A majority of Orange County’s supervisors said Tuesday that they will vote to retain the consolidated operations of the sheriff-coroner’s office but that they favor calling on the district attorney to act as coroner in deaths in which sheriff’s deputies are involved.
In a bid to end allegations of conflict of interest in the sheriff-coroner’s office, Supervisor Bruce Nestande said in a letter to fellow supervisors that they should direct the district attorney to use an independent pathologist for investigations of deaths of inmates in the County Jail or people in the custody of sheriff’s deputies.
Acting County Administrative Officer Larry J. Holms recommended to the Board of Supervisors on April 30 that it keep the consolidated office and have the district attorney use the resources of the Sheriff Department’s Coroner Bureau to investigate in-custody or officer-involved deaths.
But Nestande said that, under Holms’ recommendation, “the perception of a conflict of interest can still occur” when one office essentially investigates itself.
Nestande said he wanted the district attorney to be able to independently “contract with a pathologist of his choice to perform the autopsy” on someone who died in the jail or while in custody of sheriff’s deputies.
Supervisors Chairman Thomas F. Riley said he favors retaining the sheriff-coroner’s office, rather than dividing it into separate sheriff and coroner departments, and could support either Nestande’s or Holms’ proposals.
Gary Granville, the chief aide to Supervisor Ralph Clark, said he saw nothing objectionable in Nestande’s proposal and expected Clark would support it.
Supervisor Roger Stanton said he would support Nestande’s suggestion but in addition wanted the county administrative officer to report back within a year on how the system is working.
“A complete split of the two functions would probably put to rest the major public criticism that the current arrangement has been subjected to, but at a cost of taxpayer dollars that may detract from other county programs,” Stanton said. “It is essentially a question of not only substance but of form as well.”
Supervisor Harriett Wieder could not be reached for comment, but Nestande would need only two other votes to enact his proposal.
The analysis by Holms’ office estimated the additional cost of having the district attorney investigate officer-involved and in-custody deaths, rather than merely monitor them as at present, at $63,381 per year if the sheriff’s Coroner Bureau and Forensic Sciences Services Division were used. If support services independent of the Sheriff’s Department were used, the cost would be $113,381 annually, the analysis said.
Nestande also recommended a reorganization that would have the chief deputy coroner report directly to the sheriff-coroner rather than to intermediaries as at present.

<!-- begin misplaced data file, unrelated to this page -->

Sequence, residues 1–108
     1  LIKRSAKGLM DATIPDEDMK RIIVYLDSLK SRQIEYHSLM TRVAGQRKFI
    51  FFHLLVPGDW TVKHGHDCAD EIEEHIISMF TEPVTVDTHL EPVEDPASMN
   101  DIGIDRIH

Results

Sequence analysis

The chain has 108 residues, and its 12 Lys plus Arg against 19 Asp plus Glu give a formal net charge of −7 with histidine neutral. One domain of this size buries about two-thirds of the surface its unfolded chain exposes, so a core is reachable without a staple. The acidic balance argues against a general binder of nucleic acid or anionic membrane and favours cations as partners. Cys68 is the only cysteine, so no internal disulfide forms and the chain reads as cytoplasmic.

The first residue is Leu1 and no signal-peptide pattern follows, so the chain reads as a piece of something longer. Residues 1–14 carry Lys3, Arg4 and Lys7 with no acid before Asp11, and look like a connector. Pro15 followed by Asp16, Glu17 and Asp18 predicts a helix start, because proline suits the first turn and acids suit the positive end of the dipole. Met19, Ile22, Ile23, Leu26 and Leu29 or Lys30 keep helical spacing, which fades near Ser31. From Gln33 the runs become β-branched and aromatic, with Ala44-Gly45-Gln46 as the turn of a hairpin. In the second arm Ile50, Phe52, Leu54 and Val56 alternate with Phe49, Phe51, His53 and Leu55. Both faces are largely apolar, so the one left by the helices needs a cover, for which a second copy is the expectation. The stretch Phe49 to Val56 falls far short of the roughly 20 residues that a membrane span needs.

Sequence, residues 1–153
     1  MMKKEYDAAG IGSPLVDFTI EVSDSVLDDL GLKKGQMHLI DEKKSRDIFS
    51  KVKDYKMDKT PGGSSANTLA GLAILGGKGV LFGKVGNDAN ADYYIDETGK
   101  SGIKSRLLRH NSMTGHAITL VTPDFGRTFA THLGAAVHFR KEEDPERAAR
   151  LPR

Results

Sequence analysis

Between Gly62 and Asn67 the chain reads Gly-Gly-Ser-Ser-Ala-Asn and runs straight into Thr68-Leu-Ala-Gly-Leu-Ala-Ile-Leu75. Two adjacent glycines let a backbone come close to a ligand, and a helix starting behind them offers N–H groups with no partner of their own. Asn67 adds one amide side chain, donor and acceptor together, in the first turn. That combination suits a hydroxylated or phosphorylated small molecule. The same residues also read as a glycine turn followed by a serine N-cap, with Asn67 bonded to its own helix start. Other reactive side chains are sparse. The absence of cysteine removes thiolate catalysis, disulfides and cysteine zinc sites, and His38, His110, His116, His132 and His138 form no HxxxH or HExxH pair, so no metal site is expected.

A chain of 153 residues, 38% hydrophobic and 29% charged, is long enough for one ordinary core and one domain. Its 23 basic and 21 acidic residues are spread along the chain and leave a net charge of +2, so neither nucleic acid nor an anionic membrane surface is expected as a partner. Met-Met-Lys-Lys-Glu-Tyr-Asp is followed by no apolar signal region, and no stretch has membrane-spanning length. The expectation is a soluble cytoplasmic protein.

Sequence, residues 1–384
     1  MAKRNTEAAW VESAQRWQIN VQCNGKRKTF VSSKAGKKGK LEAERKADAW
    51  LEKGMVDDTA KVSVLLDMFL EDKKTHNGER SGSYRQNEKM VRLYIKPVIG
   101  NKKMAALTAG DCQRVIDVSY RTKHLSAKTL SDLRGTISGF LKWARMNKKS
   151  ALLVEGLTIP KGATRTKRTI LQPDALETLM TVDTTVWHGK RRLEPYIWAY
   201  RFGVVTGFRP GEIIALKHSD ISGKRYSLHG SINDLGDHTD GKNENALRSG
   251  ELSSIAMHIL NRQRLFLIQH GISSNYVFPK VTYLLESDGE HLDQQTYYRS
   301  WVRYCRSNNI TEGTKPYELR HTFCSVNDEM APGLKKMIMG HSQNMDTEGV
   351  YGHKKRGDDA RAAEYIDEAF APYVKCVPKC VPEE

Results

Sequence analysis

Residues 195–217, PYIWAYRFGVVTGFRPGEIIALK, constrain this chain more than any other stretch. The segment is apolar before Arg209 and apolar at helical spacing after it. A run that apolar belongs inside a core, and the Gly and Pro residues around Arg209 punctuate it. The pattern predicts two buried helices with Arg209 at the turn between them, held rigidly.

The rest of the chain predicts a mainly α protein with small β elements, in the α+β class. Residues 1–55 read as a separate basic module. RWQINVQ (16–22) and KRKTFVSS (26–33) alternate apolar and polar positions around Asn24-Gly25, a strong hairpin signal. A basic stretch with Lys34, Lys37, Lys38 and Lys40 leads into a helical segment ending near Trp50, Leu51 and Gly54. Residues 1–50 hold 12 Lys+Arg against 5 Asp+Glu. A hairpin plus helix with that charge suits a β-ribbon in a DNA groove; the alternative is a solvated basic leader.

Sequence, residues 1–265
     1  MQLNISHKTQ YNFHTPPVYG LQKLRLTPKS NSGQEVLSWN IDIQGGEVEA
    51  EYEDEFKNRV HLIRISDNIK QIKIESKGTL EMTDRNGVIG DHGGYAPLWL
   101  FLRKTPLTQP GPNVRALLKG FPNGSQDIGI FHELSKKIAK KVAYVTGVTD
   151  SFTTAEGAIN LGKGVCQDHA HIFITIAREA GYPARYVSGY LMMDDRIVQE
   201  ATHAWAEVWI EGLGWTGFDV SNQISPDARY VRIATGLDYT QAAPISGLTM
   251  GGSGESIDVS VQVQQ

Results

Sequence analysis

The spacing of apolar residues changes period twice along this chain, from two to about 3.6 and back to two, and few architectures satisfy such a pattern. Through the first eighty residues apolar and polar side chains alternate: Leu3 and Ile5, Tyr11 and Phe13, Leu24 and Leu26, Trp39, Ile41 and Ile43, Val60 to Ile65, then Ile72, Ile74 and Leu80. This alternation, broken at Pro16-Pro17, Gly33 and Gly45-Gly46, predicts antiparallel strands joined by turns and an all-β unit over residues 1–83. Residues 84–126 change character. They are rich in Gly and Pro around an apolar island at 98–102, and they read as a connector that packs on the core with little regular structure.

The proposal, contained in Holms’ report, would give the Coroner’s Bureau more independence from law enforcement, according to officials who have studied the matter. In addition, Riley said, such a chain of command would lessen the possibility of misunderstandings between the coroner and his deputy.
Dist. Atty. Cecil Hicks said Monday that his office would “cooperate in any way we can” with the decision of the supervisors. He said prosecutors “have had excellent results from the coroner’s office” but would abide by whatever the board decides to do.
Nestande also recommended that the county solicit bids within 60 days for pathology services. A three-doctor firm has held the contract without competitive bidding for 11 years.
Several grand juries have complained in past years about the potential for a conflict of interest in the combined Sheriff-Coroner Department. Although 36 of the state’s 58 counties combine the office, Orange is the only county with more than 1 million residents to use the consolidated department.
The supervisors ordered a study of whether to break up the office last December after an inmate died in the County Jail in what was ruled a suicide. Sheriff Brad Gates confiscated the mental health records of the inmate, John Ray Stephenson, and turned them over to coroner’s officials despite protests from the county mental health workers at the jail that the records were confidential.
While the study was proceeding, Assemblyman Bruce Ferguson (R-Newport Beach) introduced a proposal in the Assembly to separate the two offices in all counties with 200,000 or more people. But an Assembly committee voted the bill down on the same day Holms’ report recommended keeping the two offices together.